Move to ease ambulance ramping strain at Hervey Bay Hospital
A NEW system is designed to ease pressure at the Hervey Bay emergency department, after it became so overcrowded that staff were forced to treat patients in the back of ambulances.
"Less serious" emergency patients presenting at the hospital will now be transferred to Maryborough to reduce ambulance ramping - a term used for the practice of patients being treated in ambulances outside the hospital due to a shortage of beds.
The extent of ambulance ramping at the Hervey Bay Hospital came into the spotlight in February last year when angry paramedics came forward to the Chronicle.
They were outraged by Fraser Coast Health Service operation executive Andy Froggatt's assertion that ramping did not occur at Hervey Bay or Maryborough hospitals.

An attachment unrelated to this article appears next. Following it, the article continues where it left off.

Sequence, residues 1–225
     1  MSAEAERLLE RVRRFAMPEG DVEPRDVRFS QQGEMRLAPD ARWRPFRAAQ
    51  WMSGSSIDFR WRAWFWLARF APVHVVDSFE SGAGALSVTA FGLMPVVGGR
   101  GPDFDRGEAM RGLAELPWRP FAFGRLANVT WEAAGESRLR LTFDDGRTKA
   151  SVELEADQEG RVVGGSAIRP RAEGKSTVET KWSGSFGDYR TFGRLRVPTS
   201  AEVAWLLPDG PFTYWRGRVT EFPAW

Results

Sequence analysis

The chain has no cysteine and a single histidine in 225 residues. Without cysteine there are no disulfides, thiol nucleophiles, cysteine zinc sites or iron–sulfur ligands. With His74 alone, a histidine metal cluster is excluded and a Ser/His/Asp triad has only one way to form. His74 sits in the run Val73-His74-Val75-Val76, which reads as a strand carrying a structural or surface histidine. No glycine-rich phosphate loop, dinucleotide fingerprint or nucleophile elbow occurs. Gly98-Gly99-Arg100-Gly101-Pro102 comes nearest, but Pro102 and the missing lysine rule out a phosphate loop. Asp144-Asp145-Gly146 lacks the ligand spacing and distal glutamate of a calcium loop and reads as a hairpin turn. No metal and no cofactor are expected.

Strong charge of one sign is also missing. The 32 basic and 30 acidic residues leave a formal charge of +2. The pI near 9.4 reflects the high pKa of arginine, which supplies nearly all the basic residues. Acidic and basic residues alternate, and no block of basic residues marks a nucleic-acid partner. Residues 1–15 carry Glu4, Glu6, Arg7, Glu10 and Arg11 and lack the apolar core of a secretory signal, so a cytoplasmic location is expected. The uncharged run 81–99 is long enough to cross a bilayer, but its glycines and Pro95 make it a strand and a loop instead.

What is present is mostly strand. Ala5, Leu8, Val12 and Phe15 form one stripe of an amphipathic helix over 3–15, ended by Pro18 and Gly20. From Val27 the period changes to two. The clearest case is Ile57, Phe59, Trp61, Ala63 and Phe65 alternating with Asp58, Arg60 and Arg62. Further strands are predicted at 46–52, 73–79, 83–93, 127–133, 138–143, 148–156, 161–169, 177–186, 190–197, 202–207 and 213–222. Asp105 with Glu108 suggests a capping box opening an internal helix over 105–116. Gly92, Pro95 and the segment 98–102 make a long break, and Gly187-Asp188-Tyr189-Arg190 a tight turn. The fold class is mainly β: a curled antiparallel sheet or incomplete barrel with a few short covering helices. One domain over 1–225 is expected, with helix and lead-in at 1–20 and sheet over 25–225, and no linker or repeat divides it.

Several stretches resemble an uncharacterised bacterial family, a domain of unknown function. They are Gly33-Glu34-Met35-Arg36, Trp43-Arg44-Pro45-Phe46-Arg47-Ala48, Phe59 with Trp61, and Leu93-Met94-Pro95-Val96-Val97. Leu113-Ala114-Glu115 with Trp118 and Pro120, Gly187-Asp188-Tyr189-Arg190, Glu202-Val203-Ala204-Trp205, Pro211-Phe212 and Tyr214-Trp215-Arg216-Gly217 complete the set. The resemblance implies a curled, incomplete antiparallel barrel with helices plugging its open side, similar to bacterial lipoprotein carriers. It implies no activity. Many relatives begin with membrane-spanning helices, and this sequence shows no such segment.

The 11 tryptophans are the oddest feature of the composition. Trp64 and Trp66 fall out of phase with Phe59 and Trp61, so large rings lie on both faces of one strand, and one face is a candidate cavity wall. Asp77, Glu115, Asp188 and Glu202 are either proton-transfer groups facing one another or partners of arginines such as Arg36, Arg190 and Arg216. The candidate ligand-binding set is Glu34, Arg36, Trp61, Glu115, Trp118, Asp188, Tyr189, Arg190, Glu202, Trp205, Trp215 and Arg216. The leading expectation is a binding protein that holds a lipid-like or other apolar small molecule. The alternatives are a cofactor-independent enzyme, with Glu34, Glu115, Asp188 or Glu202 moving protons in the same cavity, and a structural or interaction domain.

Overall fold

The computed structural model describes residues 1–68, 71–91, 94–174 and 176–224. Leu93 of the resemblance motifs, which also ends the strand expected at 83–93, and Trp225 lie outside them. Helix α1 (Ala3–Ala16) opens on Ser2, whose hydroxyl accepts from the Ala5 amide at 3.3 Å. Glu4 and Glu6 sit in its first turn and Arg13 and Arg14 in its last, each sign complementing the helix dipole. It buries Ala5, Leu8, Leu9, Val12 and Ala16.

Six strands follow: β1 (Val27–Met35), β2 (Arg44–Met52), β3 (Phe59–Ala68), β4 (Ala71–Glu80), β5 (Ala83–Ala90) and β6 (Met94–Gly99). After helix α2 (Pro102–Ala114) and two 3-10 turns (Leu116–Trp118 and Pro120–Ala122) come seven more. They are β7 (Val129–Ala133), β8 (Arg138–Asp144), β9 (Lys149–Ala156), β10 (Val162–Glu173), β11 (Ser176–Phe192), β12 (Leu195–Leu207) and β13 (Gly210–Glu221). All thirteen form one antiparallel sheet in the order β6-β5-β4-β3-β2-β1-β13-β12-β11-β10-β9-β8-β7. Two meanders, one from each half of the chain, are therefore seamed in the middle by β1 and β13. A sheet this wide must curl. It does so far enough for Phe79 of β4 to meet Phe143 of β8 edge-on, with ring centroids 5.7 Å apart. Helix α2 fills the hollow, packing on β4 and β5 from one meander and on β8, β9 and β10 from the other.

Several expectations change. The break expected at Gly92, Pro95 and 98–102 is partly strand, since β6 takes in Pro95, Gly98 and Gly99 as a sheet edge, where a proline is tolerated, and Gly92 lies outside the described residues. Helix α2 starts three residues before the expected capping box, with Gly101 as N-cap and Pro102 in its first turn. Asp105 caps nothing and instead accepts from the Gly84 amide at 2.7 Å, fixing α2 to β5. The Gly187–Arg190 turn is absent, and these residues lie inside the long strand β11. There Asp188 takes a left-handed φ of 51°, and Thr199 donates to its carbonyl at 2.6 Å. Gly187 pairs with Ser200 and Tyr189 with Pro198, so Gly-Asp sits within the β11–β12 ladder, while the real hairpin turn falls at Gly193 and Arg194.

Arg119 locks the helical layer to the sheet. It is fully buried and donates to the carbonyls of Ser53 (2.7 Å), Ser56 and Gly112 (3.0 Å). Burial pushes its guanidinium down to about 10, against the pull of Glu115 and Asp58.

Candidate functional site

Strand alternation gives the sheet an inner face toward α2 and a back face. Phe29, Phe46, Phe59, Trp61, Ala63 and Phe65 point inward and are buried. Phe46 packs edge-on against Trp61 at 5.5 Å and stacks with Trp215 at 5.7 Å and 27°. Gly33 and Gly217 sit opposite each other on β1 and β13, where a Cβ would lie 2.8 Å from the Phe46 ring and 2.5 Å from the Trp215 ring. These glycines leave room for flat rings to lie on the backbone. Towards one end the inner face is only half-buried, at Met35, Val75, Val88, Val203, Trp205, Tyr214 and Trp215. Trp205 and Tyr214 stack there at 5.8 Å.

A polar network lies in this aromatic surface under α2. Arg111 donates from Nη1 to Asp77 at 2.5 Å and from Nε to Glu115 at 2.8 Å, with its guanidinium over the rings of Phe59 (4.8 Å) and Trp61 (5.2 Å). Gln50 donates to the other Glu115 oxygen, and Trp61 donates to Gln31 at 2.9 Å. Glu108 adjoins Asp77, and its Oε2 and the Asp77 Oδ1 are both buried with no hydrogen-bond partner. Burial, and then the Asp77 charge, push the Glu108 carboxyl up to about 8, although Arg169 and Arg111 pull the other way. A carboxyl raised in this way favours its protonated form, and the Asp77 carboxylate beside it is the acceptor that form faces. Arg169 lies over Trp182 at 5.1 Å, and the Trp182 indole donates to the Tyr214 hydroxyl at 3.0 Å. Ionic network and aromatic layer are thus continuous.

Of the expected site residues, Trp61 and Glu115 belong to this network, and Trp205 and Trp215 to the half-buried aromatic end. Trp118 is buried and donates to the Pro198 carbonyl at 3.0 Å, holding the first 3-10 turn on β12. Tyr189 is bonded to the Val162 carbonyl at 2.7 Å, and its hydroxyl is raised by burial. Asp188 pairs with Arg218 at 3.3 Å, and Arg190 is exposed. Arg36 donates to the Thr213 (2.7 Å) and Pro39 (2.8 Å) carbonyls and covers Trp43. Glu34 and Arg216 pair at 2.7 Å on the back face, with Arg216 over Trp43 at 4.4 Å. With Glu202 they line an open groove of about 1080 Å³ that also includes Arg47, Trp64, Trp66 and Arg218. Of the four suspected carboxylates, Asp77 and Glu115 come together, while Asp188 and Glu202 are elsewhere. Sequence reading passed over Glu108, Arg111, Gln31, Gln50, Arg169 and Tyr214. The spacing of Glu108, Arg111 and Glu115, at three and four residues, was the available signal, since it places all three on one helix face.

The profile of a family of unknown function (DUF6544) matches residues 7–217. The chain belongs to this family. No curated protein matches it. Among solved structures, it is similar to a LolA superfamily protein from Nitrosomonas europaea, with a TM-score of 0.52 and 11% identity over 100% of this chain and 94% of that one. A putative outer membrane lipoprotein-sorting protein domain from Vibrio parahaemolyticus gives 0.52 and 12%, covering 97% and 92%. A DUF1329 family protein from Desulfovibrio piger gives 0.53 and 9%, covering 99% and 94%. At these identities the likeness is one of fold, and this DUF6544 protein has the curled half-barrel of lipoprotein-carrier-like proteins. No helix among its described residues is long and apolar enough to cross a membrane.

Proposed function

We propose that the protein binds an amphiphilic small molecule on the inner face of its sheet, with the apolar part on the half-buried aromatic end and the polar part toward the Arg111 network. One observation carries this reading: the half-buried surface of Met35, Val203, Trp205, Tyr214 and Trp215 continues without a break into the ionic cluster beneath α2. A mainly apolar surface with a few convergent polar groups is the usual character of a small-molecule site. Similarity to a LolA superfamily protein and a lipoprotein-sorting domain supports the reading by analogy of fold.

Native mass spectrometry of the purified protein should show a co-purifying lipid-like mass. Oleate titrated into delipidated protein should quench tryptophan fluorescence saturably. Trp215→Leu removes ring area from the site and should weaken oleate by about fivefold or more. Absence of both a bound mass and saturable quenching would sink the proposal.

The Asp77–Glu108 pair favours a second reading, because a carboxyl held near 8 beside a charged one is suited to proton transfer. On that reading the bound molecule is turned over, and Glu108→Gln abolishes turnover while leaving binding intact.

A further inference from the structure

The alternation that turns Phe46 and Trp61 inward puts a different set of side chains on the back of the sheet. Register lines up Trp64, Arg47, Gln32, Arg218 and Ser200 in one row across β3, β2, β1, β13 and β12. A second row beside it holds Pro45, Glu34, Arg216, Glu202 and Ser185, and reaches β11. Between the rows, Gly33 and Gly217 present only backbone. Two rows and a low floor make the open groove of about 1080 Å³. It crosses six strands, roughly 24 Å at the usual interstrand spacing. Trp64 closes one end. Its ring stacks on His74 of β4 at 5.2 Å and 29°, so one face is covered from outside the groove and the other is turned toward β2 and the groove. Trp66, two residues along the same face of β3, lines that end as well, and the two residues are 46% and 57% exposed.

"It is rubbish, it happens every week and sometimes every day," one paramedic told the Chronicle at the time.
The paramedics feared ramping was putting patients' lives at risk - but that was denied by Wide Bay Hospital and Health Service chief executive Phillipa Blakey on Monday.
" ... Sometimes (patients) need to remain on an ambulance trolley until a bed can be made available," she said.
"At all times they receive the expert care they need from emergency service staff."
Ms Blakey said work had also already begun on a "clinical decision unit".
"The development of a clinical decision unit and the introduction in the near future of a patient transporter to move less serious patients to Maryborough will create capacity in the hospital and reduce ambulance ramping."
She said work had already begun on the refurbishment of an area of the hospital for the unit.
The five new beds will add to the 18 currently in the emergency department and four "short stay beds".